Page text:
There is one more critical element that has fundamentally shaped the past decade and the near future of sports psychology: idolism. For the members of the younger generations, just like in the business world, it is absolutely essential that the people providing solutions, suggestions, and training can be considered idols. Every time I’ve worked with a team, the first workshop was always a make-or-break event. Before this workshop, the coach had to fight to get the players to attend! At the end of the first, usually 3-hour teambuilding and self-evaluation workshop, we always ask the players for their opinions. 96% of the players interviewed said something positive, usually along the lines of “Honestly, when I heard it was going to be a psychological session, I didn’t want to come, but I was pleasantly surprised and enjoyed the three hours”. Within the first 5 to 10 minutes, we have to contend with negative attitudes towards sports psychologists among players. The countless reasons for this deserve a separate study and are not the subject of this book! How do we overcome this resistance? By introducing ourselves and telling them who we are. I’d like to point out right away that a person who has not achieved outstanding business results should not try to work with teams in this capacity. In addition, these results must be properly conveyed to the players. It is always easier for a good businessperson to become an idol in the eyes of an athlete, or at least this has been my personal experience. Of course, when you are an athlete, you choose an athlete as your role model, and you want to grow up to be like them! But life after sport is much longer than a typical athletic career. And athletes know very well that the transition to a business career poses an enormous challenge. For them, business is the great unknown. It is fascinating to see how managers admire athletes, and athletes admire managers. Managers admire athletes because for them, athletes embody many things that the manager cannot achieve. Likewise, athletes admire good businesspeople because successful managers already have careers that athletes want to build for themselves. This is why a professional with the right character, with a proven track record in organisational development, is easier for a team to accept than a psychologist. And there is no room to be offended: this is just how it is with the younger generations, and the effect is only getting stronger. The best solution is if the management, especially the head coach, can eventually take over this teambuilding role from the professional, and they can make the process started by the professional all the more effective.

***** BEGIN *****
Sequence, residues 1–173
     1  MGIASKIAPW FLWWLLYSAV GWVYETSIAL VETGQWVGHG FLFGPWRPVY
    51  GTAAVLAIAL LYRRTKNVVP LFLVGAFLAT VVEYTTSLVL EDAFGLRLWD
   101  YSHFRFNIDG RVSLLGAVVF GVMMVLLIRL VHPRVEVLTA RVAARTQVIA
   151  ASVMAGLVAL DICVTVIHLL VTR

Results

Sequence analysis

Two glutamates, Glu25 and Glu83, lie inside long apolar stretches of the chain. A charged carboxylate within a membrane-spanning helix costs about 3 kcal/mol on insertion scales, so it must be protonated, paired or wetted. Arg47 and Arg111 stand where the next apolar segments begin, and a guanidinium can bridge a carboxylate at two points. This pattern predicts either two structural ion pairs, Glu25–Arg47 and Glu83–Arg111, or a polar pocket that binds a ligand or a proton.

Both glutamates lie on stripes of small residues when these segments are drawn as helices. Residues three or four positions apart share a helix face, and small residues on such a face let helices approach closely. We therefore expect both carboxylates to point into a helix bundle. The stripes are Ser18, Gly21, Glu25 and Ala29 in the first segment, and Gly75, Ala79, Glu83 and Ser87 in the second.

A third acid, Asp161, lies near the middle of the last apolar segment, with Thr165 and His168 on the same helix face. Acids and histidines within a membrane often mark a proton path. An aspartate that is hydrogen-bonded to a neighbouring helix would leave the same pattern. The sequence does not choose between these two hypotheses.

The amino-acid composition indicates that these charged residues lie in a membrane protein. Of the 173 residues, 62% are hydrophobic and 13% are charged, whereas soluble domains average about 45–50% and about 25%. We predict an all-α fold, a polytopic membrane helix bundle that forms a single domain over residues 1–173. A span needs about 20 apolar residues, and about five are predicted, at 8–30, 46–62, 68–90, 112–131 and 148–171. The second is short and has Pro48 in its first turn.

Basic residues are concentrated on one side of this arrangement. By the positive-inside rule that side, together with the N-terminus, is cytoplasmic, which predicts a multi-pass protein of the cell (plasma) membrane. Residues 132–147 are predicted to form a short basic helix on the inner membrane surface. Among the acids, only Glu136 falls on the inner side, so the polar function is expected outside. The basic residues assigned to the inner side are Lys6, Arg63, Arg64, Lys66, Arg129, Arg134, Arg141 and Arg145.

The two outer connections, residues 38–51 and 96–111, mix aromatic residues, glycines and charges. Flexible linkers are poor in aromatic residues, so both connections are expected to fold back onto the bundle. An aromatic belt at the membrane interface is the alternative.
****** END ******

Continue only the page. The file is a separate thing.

Considering the information above, it may no longer come as a surprise that the relationship between sports psychology and professionals dealing with psychological systems is not always free of conflicts, and the level of cooperation varies considerably from country to country. With the most sophisticated sports psychologists, the work goes perfectly. But since the psychological system can help with player selection, opposition research, team strategy, and tactical variation, the sports psychologist should focus specifically on individual mental development. But the clever psychologist understands this and does not want to interfere with team-level activities. In addition, businesspeople using the systems can work more effectively with head coaches. Of course, this is only true if the coach can look up to the businessperson and accept their previous success. When that happens, there will be more and more common points between the coach and the system, because the coach needs to do the same thing as a strong company leader: build a team, motivate them, create the strategy, and apply tactics.